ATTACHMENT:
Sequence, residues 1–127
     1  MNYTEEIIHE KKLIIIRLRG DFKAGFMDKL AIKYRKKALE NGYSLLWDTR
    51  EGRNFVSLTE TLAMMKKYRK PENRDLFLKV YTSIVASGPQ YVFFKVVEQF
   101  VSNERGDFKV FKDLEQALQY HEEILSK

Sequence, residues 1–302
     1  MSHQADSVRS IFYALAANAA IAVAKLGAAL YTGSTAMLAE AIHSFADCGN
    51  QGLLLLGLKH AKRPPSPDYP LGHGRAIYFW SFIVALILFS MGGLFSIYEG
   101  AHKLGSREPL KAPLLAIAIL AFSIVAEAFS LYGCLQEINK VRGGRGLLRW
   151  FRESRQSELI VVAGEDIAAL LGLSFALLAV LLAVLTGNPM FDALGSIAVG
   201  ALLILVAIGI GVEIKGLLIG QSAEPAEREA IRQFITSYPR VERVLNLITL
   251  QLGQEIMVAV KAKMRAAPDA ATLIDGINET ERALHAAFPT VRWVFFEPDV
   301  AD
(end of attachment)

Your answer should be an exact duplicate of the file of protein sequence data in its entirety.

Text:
Sequence, residues 1–127
     1  MNYTEEIIHE KKLIIIRLRG DFKAGFMDKL AIKYRKKALE NGYSLLWDTR
    51  EGRNFVSLTE TLAMMKKYRK PENRDLFLKV YTSIVASGPQ YVFFKVVEQF
   101  VSNERGDFKV FKDLEQALQY HEEILSK

Sequence, residues 1–302
     1  MSHQADSVRS IFYALAANAA IAVAKLGAAL YTGSTAMLAE AIHSFADCGN
    51  QGLLLLGLKH AKRPPSPDYP LGHGRAIYFW SFIVALILFS MGGLFSIYEG
   101  AHKLGSREPL KAPLLAIAIL AFSIVAEAFS LYGCLQEINK VRGGRGLLRW
   151  FRESRQSELI VVAGEDIAAL LGLSFALLAV LLAVLTGNPM FDALGSIAVG
   201  ALLILVAIGI GVEIKGLLIG QSAEPAEREA IRQFITSYPR VERVLNLITL
   251  QLGQEIMVAV KAKMRAAPDA ATLIDGINET ERALHAAFPT VRWVFFEPDV
   301  AD